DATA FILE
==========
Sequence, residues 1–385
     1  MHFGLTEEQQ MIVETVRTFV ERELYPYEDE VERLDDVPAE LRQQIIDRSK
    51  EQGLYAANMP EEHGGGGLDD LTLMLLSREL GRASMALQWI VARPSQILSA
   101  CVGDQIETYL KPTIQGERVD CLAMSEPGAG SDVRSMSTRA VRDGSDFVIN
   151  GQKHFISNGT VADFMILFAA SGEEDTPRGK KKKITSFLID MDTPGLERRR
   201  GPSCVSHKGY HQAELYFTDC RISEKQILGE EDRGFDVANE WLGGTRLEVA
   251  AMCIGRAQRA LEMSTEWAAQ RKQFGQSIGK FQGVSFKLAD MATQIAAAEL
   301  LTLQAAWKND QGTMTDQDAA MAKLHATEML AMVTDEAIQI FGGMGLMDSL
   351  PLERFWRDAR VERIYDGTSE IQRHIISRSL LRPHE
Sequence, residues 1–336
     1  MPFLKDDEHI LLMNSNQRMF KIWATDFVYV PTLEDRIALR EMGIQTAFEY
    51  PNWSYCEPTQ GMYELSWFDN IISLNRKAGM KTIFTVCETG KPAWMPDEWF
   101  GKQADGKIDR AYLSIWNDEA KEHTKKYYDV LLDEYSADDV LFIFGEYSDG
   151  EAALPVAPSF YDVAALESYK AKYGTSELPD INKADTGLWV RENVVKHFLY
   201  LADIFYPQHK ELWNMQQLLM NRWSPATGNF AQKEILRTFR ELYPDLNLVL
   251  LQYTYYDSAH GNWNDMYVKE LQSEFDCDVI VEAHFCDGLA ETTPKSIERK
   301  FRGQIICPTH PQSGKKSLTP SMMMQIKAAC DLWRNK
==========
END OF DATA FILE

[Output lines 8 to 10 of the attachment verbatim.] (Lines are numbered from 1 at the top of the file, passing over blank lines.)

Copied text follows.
   301  LTLQAAWKND QGTMTDQDAA MAKLHATEML AMVTDEAIQI FGGMGLMDSL
   351  PLERFWRDAR VERIYDGTSE IQRHIISRSL LRPHE
Sequence, residues 1–336